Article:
15.) What are the units?____________________________________________________ 16.) What is the surface area of the lake bed?___________________________________ 17.) What are the units? ___________________________________________________ Now open Internet Explorer and go to http://www.pearl.maine.edu/browseglobal.asp. Click on the 'General Information' button, and click on the link 'Maine Lakes: Morphometry and Geographic Information'. Check the box next to 'Volume' to retrieve lake volumes, and farther down on this page choose 'Order by - Waterbody Name'. Click the 'Submit' button. You will be returned all the lake volume data for Maine lakes, listed in alphabetical order. You will have to skip up several pages (probably 6) to get to China Lake, where you will see the volume in acre-feet. Multiply that value by 1233.5 to convert to cubic meters. These lake volumes were calculated 'by hand' using the IF&W bathymetric maps on which isodepth lines were drawn. Area at each depth was determined using a planimeter; areas for missing depths were interpolated using linear interpolation. Finally, these areas were converted to a lake volume by using a standard algorithm. 18.) What is the volume of China Lake according to PEARL?______________________ 19.) What are the units?____________________________________________________ 20.) Which measurement do you think is more precise?___________________________ 21.) Which measurement do you think is more accurate?__________________________ 22.) Under what conditions could a custom-made TIN with GPS soundings (such as 'cl_depth') be less accurate than a PEARL lake volume measurement? ________________________________________________________________________ ________________________________________________________________________ You can also use the 3-D Analyst tool to compute the volume of a lake under different conditions. If China Lake is 1 foot below normal lake level (59.7408m), you can just set the 'Height of Plane' to a lower number and rerun the calculation. 23.) What percentage of the 'normal' China Lake volume is lost by a 1 foot decrease in the lake level?____________________________________________________________ Note that when adjusting lake levels you will probably get the best results by clipping the TIN by the drainage divide(s) which drains into the lake. This ensures there are no areas below the 'Height of plane' in the TIN which are not in the lake (this has already been done for China Lake). Close ArcMap and don't save your changes. Answers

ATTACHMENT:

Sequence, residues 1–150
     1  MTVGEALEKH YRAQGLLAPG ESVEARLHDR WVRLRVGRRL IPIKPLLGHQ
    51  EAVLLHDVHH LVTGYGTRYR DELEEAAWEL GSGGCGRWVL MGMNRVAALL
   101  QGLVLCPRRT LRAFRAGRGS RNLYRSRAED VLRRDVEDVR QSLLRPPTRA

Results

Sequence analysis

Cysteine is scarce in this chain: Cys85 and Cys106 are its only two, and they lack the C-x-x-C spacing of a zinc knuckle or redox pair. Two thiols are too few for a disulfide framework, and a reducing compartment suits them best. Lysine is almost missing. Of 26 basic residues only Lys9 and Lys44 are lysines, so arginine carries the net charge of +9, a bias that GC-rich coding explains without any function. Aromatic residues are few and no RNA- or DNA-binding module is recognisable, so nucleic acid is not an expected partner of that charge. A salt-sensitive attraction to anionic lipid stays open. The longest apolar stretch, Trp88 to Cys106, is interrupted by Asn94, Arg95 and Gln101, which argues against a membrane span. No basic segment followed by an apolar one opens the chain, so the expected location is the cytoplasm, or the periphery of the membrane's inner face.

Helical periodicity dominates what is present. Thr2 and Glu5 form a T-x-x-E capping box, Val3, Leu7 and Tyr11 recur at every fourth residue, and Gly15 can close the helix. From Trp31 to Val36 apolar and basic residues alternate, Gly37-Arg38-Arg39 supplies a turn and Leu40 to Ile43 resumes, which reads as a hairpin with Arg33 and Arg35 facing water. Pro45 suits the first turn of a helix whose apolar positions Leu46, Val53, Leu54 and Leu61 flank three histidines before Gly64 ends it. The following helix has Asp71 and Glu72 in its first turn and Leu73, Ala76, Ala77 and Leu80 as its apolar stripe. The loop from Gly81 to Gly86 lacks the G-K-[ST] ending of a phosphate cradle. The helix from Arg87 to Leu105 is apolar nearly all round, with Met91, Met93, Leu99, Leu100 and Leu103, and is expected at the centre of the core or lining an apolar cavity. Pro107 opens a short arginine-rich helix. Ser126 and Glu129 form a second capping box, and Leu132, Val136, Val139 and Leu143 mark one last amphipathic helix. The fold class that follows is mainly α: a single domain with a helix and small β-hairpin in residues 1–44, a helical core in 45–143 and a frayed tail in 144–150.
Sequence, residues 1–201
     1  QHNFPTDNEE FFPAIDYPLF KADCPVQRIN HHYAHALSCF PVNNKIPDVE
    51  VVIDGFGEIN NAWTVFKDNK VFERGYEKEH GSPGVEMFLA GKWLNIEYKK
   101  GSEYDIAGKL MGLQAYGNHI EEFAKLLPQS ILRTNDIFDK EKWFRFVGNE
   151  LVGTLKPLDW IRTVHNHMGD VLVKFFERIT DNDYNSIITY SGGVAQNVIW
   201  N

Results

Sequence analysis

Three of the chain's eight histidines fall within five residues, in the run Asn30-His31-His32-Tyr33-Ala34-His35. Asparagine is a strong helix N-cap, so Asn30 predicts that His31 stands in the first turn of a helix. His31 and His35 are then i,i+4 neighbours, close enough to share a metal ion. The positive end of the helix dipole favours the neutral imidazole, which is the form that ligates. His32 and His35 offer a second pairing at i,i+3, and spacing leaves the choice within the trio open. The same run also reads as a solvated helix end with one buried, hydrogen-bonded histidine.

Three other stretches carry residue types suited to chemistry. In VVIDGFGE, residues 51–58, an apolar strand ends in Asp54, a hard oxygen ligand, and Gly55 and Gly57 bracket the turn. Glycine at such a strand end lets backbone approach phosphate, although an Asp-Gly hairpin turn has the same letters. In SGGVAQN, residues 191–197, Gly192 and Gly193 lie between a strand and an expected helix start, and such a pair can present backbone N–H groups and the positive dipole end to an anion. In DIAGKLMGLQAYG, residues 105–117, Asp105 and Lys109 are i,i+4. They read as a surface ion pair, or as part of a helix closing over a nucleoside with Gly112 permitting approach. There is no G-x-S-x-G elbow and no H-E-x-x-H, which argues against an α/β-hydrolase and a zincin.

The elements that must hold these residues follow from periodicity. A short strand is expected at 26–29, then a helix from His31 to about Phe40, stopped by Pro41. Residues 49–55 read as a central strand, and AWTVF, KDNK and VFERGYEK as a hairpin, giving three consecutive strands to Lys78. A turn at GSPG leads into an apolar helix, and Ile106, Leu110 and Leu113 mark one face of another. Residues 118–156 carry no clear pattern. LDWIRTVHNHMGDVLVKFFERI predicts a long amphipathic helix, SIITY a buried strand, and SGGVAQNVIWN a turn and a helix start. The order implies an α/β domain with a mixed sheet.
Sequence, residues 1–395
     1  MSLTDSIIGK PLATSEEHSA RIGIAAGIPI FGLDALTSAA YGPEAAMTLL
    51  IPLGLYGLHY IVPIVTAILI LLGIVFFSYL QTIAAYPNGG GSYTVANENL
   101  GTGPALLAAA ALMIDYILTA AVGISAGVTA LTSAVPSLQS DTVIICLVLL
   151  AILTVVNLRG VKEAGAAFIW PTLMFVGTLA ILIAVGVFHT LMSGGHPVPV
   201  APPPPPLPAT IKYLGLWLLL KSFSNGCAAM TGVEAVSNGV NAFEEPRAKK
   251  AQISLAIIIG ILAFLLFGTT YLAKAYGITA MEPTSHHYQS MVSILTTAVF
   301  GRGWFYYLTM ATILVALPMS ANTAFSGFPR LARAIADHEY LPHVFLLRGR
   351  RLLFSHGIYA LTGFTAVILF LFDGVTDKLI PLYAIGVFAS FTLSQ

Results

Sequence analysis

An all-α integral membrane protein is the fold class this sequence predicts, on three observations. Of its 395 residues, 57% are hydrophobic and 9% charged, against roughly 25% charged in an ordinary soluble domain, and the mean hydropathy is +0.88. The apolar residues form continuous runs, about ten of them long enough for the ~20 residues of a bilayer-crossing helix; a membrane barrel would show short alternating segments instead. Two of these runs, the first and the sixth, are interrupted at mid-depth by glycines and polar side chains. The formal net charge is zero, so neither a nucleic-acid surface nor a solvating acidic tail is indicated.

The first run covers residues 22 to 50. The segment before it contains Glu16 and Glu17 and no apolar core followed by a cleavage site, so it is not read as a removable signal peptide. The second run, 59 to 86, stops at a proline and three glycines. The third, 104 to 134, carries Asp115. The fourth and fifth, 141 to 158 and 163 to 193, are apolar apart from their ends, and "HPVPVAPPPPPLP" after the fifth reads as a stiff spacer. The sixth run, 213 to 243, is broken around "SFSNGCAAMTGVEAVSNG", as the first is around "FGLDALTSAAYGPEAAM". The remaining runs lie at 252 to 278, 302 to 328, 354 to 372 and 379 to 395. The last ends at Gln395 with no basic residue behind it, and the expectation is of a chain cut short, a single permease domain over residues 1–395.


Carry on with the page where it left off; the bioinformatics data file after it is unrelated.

ArcScene - Overview
Concepts ArcScene ArcScene is a separate application in ArcGIS used for constructing 3D scenes and animations. 3D scenes are perspective views which can be imported into ArcMap layouts. 3D animations are digital 'movies' showing the terrain as if you were flying over it.

ArcScene - 2D vs 3D data
Concepts 2D data 3D data GIS vector data store x and y coordinates for each feature. When elevation (z) is stored as well, than the data are known as 3D data. Most vector data at MEDEP are 2D data. It is not enough to have a field with elevations in it, the true 3D data layer has the z-values actually encoded in the feature.